December 20, 2022
Happy Holidays! AFHS data are now being used to study national trends in forced intercourse and general descriptions of fertility, health, and sexual behavior in the U.S. population aged 18-49 between 2020-2022. The plots below, extracted from the second paper in this list, present comparisons of estimates from the 2017-2019 National Survey of Family Growth (NSFG) and the 2020-2022 AFHS, showing similarity in many estimates but also some interesting changes (e.g., in self-reported health of males and females) during the pandemic.
All of the papers mentioned have been submitted for peer review. Recent methodological papers based on the AFHS (click here and here for papers that have been accepted for publication and are currently in press) have also made significant contributions to our understanding of efficient approaches for collecting health information via the web from a national sample. A third paper here is currently under review.
Finally, thanks to everyone who participated in our follow-up study. Based on what we learned from that study, we hope to soon build a panel of AFHS participants who will be invited to complete monthly surveys about their reproductive health and family dynamics.
In the new year, we hope to release an initial version of the public-use AFHS data and corresponding data user documentation via ICPSR. Please stay tuned for details about data availability!
May 2, 2022
We have now completed data collection for the American Family Health Study (AFHS)! In the end, nearly 2,400 individuals participated in this study, and we are truly grateful for the contributions of each and every one of them.
We are now in the process of analyzing all of the data that we have collected and preparing reports describing the results. Next week, we will be presenting an overview of the initial results at the annual conference of the American Association for Public Opinion Research. You can find a link to our slides here.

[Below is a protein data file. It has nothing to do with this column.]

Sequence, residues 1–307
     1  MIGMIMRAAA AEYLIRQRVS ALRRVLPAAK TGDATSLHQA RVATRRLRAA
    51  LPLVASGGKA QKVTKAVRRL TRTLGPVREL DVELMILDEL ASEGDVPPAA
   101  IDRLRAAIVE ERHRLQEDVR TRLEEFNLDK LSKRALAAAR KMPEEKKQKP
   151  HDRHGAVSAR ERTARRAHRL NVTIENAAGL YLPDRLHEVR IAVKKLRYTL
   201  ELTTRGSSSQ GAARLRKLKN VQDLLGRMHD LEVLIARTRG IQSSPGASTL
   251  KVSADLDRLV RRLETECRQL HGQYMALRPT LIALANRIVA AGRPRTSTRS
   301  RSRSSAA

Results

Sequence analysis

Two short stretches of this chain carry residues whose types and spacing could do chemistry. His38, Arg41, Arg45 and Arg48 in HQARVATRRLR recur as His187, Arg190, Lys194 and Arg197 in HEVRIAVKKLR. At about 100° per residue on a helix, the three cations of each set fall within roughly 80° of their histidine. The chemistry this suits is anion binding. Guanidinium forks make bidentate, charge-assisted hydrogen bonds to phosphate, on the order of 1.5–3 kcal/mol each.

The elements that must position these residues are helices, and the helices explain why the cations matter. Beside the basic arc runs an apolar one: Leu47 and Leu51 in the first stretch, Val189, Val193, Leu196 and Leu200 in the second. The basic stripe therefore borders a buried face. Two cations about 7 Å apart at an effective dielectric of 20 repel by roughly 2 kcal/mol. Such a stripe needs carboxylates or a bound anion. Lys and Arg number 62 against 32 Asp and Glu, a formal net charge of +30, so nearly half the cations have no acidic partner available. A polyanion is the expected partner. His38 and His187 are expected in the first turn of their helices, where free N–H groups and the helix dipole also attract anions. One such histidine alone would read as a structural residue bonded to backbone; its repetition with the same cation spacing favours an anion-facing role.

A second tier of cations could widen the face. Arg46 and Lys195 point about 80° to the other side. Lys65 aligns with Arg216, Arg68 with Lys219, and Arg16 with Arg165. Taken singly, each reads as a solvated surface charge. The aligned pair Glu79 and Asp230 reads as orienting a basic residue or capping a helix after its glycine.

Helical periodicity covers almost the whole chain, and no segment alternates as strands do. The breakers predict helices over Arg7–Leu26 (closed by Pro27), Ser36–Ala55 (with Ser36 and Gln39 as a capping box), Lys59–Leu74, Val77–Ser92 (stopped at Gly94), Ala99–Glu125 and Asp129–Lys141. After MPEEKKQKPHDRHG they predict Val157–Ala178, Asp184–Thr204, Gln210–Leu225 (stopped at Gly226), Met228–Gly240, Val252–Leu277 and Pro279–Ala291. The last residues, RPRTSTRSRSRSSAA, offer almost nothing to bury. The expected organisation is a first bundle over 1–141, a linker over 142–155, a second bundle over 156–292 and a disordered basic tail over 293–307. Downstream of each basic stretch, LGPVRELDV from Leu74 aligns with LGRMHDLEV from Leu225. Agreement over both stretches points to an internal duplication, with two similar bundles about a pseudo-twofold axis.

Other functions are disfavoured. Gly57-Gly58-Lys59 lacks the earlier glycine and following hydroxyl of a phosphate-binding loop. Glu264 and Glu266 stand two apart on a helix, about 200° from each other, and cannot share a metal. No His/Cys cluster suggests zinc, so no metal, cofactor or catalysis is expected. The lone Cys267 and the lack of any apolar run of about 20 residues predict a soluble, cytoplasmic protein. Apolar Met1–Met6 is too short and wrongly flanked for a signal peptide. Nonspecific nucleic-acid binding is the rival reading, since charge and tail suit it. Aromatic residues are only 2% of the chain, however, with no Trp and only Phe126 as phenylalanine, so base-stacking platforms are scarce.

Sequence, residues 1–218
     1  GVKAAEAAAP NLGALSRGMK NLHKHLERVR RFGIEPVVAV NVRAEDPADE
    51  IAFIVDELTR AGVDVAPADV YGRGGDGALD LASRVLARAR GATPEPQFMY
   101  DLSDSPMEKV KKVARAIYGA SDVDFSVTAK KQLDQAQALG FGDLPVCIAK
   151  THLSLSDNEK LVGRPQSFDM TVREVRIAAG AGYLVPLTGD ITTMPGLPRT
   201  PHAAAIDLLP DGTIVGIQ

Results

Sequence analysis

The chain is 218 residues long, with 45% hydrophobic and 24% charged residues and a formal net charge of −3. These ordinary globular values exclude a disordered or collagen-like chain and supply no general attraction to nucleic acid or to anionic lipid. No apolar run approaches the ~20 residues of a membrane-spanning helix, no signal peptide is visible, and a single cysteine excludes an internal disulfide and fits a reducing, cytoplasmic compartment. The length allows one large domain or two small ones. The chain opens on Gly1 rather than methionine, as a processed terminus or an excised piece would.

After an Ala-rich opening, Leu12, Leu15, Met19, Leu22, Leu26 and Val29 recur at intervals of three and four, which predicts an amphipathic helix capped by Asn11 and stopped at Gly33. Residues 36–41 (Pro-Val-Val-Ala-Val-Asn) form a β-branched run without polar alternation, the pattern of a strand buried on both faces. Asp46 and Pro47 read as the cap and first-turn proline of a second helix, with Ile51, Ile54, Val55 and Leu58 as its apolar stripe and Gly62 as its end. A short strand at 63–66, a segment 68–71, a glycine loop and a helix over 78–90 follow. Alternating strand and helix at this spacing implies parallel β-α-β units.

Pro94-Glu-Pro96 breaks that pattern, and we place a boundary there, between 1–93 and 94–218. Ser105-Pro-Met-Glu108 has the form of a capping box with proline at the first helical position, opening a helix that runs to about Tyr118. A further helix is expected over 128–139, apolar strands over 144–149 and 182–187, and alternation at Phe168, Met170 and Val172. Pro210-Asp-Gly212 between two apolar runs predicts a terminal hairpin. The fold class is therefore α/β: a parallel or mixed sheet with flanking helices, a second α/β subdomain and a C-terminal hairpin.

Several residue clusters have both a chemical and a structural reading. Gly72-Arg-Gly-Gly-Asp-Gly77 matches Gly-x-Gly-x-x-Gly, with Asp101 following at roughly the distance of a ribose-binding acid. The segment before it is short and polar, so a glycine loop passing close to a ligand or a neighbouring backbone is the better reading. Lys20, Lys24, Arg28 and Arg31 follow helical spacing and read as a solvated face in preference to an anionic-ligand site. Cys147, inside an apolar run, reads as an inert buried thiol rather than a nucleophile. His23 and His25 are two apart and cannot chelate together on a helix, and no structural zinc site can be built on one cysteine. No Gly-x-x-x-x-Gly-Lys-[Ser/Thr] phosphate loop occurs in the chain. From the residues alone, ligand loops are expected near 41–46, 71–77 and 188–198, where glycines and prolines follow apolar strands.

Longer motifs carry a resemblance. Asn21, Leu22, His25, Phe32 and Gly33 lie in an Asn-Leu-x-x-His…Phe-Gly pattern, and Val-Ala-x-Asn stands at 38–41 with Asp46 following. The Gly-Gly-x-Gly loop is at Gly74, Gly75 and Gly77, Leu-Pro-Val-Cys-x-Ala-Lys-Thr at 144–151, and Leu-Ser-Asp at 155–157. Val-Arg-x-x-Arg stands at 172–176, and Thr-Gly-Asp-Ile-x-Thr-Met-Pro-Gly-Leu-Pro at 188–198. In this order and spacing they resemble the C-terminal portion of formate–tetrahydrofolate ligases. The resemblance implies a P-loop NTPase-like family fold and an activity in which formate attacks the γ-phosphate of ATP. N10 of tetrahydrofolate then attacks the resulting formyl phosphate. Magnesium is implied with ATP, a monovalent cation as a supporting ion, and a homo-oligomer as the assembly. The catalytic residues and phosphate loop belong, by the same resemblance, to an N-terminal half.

Furthermore, we have submitted a paper describing contributions of the AFHS to a study of trends in fertility and contraceptive use behaviors before and during the pandemic for publication in the journal Population and Development Review. You can find a link to a draft of that paper here.
Stay tuned for additional reports and abstracts. In addition, we will be reaching out to selected AFHS participants with a brief follow-up study request in the near future! Thanks again to everyone, and we look forward to learning from your data.
January 10, 2022
Happy New Year! AFHS data collection continues for our second national sample replicate. We extend a hearty thanks to all of our study participants to date!
We continue to produce estimates that paint a picture of the family planning and fertility behaviors of Americans during the COVID-19 pandemic. You can follow this link (Pandemic Babies Slides 12.12.21) to see our team’s presentation slides from the recent virtual Pandemic Babies conference. In this presentation, we use data from the first national sample replicate of AFHS to examine trends in U.S. fertility behaviors, including births and pregnancies, sexual activity, contraceptive use, and pregnancy intentions. We also present models of fertility intentions among women between the ages of 18 and 28. All AFHS estimates are compared with estimates in prior years from the NSFG and the PSID. We would welcome feedback!
You can also view our recent presentation (west_etal_2021_mapor_FINAL) at the Midwest Association for Public Opinion Research annual conference on new data collection methodologies for strictly web/mail surveys like the AFHS. A paper describing these new methodologies is currently being revised for publication.
Finally, our work evaluating the use of an online event history calendar to study contraceptive use is also now available in Field Methods.
September 10, 2021